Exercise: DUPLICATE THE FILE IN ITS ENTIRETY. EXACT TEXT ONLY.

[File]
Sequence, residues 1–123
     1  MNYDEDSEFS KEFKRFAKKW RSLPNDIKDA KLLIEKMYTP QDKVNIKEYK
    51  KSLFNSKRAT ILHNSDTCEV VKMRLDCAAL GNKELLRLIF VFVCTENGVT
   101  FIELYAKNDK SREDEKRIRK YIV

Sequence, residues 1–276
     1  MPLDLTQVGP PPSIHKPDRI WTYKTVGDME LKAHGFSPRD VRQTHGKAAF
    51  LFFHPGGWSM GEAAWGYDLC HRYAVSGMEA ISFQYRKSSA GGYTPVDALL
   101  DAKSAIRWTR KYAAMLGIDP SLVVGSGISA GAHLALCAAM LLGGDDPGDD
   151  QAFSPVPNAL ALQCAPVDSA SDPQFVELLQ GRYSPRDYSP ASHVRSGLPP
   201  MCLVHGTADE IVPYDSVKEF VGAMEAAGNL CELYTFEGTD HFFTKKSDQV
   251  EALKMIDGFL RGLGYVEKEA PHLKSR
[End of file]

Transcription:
Sequence, residues 1–123
     1  MNYDEDSEFS KEFKRFAKKW RSLPNDIKDA KLLIEKMYTP QDKVNIKEYK
    51  KSLFNSKRAT ILHNSDTCEV VKMRLDCAAL GNKELLRLIF VFVCTENGVT
   101  FIELYAKNDK SREDEKRIRK YIV

Sequence, residues 1–276
     1  MPLDLTQVGP PPSIHKPDRI WTYKTVGDME LKAHGFSPRD VRQTHGKAAF
    51  LFFHPGGWSM GEAAWGYDLC HRYAVSGMEA ISFQYRKSSA GGYTPVDALL
   101  DAKSAIRWTR KYAAMLGIDP SLVVGSGISA GAHLALCAAM LLGGDDPGDD
   151  QAFSPVPNAL ALQCAPVDSA SDPQFVELLQ GRYSPRDYSP ASHVRSGLPP
   201  MCLVHGTADE IVPYDSVKEF VGAMEAAGNL CELYTFEGTD HFFTKKSDQV
   251  EALKMIDGFL RGLGYVEKEA PHLKSR